# fallback to using the latest cache if no exact match is found

– v1-dependencies-

# run: Automation Test Scripts under ANT

# See

# for more info on Automation ANT parameters

– run: ant -lib $PROVAR_HOME/ant -f DemoProject/build.xml

# List test results folder for display

– store_test_results:

path: /home/circleci/project/CIProject/Results

screenshot of configuring VCS Repository Type in CircleCI

Once you’ve checked in your yaml file, click the Start Building button.

Step 3: Add missing environment variables.

Unless you included your Provar .secrets file in your Git repository, your build might fail the first time. Never fear! We can securely set the password for our test project Salesforce user using CircleCI’s environment variables.

Click the Variables sub-tab and add an entry for the PROVAR_HOME based on your Git repository structure; in our case, this is CIProject. This is a good place for other environment variables you may want to edit frequently, such as which ANT target to execute, the environment, or the test case path.

how to add missing environment variables in CircleCI

If you’re using a public repository and have authenticated connections, we recommend storing your connection usernames and passwords as either pipeline or Release Variables. Automation looks for two special environment variables when it cannot find a .secrets file for a connection:

Note that this is case-sensitive; ensure you replicate the correct format above.

Note that as of Provar v1.9.5, you can specify your encryption key for the Automation .secrets file and pass the encryption key as an environment variable to the ANT task in your config.yml file. This is also useful when you have multiple SF connections. See Automation Secrets Encryption for more information.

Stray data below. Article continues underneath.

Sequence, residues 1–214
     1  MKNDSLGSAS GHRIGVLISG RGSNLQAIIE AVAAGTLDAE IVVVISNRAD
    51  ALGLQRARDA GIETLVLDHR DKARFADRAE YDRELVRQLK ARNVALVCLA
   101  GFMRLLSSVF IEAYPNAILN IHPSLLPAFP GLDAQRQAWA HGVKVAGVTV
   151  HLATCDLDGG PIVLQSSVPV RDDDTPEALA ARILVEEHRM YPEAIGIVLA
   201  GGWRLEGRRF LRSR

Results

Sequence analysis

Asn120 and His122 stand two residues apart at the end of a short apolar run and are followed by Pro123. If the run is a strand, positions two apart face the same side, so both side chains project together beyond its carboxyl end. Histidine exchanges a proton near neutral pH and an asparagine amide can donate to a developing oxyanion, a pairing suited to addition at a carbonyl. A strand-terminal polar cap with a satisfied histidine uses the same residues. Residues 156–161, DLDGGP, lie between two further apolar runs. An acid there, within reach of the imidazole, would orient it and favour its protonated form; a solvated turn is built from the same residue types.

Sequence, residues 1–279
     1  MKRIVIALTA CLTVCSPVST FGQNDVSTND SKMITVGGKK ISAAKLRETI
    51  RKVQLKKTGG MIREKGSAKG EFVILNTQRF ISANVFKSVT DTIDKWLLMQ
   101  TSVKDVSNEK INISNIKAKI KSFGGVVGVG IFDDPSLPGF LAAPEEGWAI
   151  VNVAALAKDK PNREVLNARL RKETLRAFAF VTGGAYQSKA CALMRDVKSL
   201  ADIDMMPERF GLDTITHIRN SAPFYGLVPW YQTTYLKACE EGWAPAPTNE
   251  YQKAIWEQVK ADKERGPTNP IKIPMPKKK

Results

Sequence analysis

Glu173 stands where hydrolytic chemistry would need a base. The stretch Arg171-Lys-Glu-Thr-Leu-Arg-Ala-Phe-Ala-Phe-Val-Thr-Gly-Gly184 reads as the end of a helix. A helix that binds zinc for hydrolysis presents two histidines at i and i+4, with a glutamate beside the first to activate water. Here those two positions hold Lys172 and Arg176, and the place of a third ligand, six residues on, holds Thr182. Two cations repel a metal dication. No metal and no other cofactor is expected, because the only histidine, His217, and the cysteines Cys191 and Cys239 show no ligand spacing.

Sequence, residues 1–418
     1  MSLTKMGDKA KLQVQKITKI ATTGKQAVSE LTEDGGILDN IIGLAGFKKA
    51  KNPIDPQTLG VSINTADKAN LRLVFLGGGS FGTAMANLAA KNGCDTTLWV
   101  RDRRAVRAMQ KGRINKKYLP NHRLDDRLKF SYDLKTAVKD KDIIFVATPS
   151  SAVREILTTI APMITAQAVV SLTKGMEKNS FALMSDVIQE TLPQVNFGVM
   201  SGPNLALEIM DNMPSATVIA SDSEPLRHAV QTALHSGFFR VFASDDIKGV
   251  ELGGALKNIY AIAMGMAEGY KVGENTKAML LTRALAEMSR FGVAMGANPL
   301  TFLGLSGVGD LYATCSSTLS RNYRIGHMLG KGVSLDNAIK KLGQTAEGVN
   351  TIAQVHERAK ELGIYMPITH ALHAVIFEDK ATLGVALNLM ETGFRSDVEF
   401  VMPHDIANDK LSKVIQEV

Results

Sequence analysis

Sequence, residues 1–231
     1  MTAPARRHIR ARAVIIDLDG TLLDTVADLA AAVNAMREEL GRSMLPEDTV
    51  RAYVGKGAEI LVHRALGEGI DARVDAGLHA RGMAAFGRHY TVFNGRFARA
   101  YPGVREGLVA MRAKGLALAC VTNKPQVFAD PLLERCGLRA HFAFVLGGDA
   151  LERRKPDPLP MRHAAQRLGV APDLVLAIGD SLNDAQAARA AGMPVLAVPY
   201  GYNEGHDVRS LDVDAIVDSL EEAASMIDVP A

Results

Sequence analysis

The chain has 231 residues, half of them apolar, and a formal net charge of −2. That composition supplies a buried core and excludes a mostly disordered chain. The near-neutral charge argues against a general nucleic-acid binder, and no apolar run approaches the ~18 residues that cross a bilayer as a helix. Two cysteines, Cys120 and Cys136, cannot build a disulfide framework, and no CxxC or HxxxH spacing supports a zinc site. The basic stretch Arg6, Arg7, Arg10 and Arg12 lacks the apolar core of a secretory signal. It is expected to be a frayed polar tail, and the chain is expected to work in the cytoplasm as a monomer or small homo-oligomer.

Step 4: Re-run the pipeline.

If all is well, your pipeline is now ready to run. Whenever you check in new tests or edit tests as part of your GitHub (or Bitbucket) repository, the pipeline will trigger a job to execute your tests. You probably don’t want to run your whole test pack every time a test changes, so consider how you configure your CircleCI Docker project only to test what’s changed.

Step 5: If all goes well.

You should get a successful job result. Likely, you won’t on the first attempt, so click into the error if you get one and review the issue. The most common causes are incorrect license file location or type, inconsistent settings in the build.xml target, or missing files from the git repository.

Even your failures tell a story, and drilling down into CircleCI’s test analysis can be interesting to see trends over time.

sample of CircleCI’s test analysis

sample of Job status in CircleCI’s test analysis

Troubleshooting CircleCI Pipeline

After configuring from the steps above, your pipeline process should work 100%. If you’ve deviated from the steps above, check carefully if your changes are consistent and in synch. (e.g., the location of build.xml, Automation Home configuration, and Automation License files and path).

The following is a summary of common symptoms and how to correct them.

Symptom Cause Solution
No Provar license found Ant job is started but Automation exits if no valid license key is found Move the .license Folder to the correct position or rectify the licensePath in your build.xml
License incorrect format The licensePath can be either a folder or specific file. The content of that file must be in the correct format. Activate licenses locally using Automation and upload the .license files to your repo without editing them
Chrome/Firefox/IE not installed The VSTS agent does not include browser apps Check the Agent Pool selected is Hosted VS2017 or a Custom Build Agent which includes the required browsers
Results not found The file location specified in the ANT job and build.xml do not match Check both values and ensure they are in synch before running again.